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Learning the Dance Called Tango


By Jean-Pierre Sighé



From the time we learn how to crawl, to the time we take our first step and begin to walk, there is a certain period where a precise coordination must occur in us, allowing the mind to fluently communicate to our body and order movement. It is important to emphasize that such communication occurs from a place of a continuous flow. The moment there is a disconnection between the mind and the body, there is an immediate result of loosing balance or loosing control of the movement, or simply loosing touch with our “Center”.
Proper coordination, even from the outright kinesthetic approach alone, would ensure control of the movement. However, proper flow of information or order, from the mind to the body is even more important to ensure the freedom of any movement we choose to execute. In Tango, such freedom of movement, as I just described, that is, strongly rooted in the context of flowing from the mind to the body, constitutes the secret of the improvisation. In other words, Improvising from the coordination stand point alone would prove to be a limited experience of freedom of movement.

It is understandable that a large vocabulary would be necessary to experience this freedom of movement in its fullness. Quite often the beginner is consumed by the struggle to execute a specific move or a set of steps executed somewhere by a more experienced dancer. In other words they work really hard from the coordination side of the learning process. Usually, the understanding of


the movement itself, in other words, the logic of the move is simply sacrificed to the altar of the repetitiveness of the steps. The excuse of acquiring the vocabulary in such context, is far too damaging to the overall foundation of good dancing. The mechanic of the move, confiscates the genius of the conception that saw in the first place, the possibility of positioning the body in a specific configuration to allow the result of the expression of beauty in the said move. That same genius might have seen the necessity to execute a pivot in a certain direction in order to allow another pretty looking, or flashy move. We should always be mindful of the fact that it is NOT the body that is dancing, but in fact the mind. The body is the instrument at the service of the mind. The obvious implication here is that the mind itself is at the service of the soul-personality dwelling in the body. As the ancient African teaching had codified it: “Kâ (the mind) messenger of Bâ” (the soul)”.
It is necessary that the body be guided for the coordination of its different parts, but it’s absolutely crucial that it be also inspired to dare to start new movements in uncharted waters. This is the freedom that dancing should bring to everyone. That’s where the soul itself expands ad infinitum and enters the palace of pure joy. A key word here: Expansion.

Learning steps should be simply viewed as an illustration of a possibility. Once that possibility is understood, the shell of the move or step should be let go, so that the sweetness of the conception inspires even more moves. Those who learn Tango from patterns, very quickly reach a point where they experience “hitting a wall”. They might even loose interest in Tango at that point if they are not seriously encouraged to go deeper than the platform of the steps they thought they knew. They simply realize they don’t understand the move. They experience Contraction. It is a frustrating and painful experience to be at that place. I have encountered some Tango learners in that predicament. They had to go back and re-learn the fundamentals or worse, un-learn bad habits dragged on during the time of fixation on trying to kinesthetically execute a move seen somewhere. For men, at that unfortunate place, the risk of feeling “inadequate” and uninspiring has the unpleasant effect of turning female dancers away. The equivalent difficulty for women is to notice how good male dancers seem to constantly politely turn away from the “cabaceo” protocol, avoiding their eye contact.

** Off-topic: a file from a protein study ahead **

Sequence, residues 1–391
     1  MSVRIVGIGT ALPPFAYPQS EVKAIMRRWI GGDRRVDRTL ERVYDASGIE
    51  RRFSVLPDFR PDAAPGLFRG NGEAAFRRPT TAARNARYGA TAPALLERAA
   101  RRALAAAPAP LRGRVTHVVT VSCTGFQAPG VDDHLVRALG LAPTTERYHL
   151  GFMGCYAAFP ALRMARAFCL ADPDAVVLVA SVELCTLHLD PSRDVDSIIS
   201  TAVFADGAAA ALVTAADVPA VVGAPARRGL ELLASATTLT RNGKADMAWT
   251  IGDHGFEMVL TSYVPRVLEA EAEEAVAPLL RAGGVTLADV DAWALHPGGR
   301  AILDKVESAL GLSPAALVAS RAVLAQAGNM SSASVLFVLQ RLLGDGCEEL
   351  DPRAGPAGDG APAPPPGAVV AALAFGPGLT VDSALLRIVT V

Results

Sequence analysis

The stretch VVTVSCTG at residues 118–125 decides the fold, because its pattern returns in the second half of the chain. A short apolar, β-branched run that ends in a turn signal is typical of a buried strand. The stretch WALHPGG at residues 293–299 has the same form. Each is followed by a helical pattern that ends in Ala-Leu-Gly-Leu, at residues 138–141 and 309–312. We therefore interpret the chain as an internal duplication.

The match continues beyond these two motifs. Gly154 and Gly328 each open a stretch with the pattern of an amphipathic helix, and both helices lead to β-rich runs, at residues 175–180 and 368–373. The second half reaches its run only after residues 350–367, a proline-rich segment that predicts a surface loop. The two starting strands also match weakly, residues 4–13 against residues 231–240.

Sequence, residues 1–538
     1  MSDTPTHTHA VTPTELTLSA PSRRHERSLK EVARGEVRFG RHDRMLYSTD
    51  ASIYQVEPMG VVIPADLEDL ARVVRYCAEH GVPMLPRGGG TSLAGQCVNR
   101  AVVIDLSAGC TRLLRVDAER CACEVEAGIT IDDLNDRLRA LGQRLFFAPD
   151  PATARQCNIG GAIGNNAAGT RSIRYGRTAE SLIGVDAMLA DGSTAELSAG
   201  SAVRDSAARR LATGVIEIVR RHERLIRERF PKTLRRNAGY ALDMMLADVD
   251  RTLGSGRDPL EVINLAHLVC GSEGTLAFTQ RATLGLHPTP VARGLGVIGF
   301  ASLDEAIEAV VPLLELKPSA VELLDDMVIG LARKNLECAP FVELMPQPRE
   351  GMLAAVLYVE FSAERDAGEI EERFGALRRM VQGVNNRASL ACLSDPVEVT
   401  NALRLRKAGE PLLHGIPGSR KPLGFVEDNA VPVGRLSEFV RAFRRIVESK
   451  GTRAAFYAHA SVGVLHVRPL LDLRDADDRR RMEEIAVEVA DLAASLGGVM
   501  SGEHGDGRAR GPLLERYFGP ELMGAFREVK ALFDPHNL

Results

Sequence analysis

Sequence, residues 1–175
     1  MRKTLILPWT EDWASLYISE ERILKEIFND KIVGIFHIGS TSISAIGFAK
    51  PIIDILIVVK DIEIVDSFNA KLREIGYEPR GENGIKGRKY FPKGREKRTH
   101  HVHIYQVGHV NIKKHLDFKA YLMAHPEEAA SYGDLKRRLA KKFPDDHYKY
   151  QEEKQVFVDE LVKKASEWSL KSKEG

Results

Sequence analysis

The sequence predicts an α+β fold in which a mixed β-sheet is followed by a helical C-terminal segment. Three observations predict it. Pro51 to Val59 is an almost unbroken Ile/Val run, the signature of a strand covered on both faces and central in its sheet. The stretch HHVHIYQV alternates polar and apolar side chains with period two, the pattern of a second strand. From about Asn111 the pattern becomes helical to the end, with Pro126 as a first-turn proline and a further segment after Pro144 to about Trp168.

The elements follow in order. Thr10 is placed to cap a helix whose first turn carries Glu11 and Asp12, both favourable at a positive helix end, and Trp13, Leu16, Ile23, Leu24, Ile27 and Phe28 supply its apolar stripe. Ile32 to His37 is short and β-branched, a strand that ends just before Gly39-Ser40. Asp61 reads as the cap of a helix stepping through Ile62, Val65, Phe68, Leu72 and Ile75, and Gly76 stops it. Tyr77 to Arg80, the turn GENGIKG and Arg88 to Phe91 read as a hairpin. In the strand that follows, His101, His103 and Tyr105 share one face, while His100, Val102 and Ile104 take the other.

Tango learners should be encouraged to UNDERSTAND the construction of the moves and steps. They should stir away from any instructor who cannot explain the logic of a move and who only counts on repetition to “teach”. I would say that everything is encapsulated in the fundamentals of walking. Those who have studied with me and my partner Bianca, understand exactly what we mean by these words. There is indeed a technique that allows proper coordination of the body movements, but also, opens up the way for the mind to keep inspiring “new” other movements and inspiring new possible steps.  I have been extremely fortunate to receive such technique early on at the beginning of my Tango journey. Yes… I would always mention Alberto Paz & Valorie Hart, Carlos Gavito with profound gratitude. The other teachers I studied with, confirmed through the specific subjects of their classes, the importance of understanding the foundation.

In conclusion, to the question “should steps or patterns be taught?” I will respond with no hesitation: They should be taught ONLY as an illustration of a principle or concept. As soon as the concept is understood the student should be encouraged to forget the specific pattern used. They should be shown the way to experience more freedom that derives from the flow from the mind to the body. The crawling brings the coordination of the four members but it also allows the expansion that will soon bring the ability to run, jump, pivot and make the body do unimaginable things. Expansion, not Contraction! This should be our motto.



© June 2008


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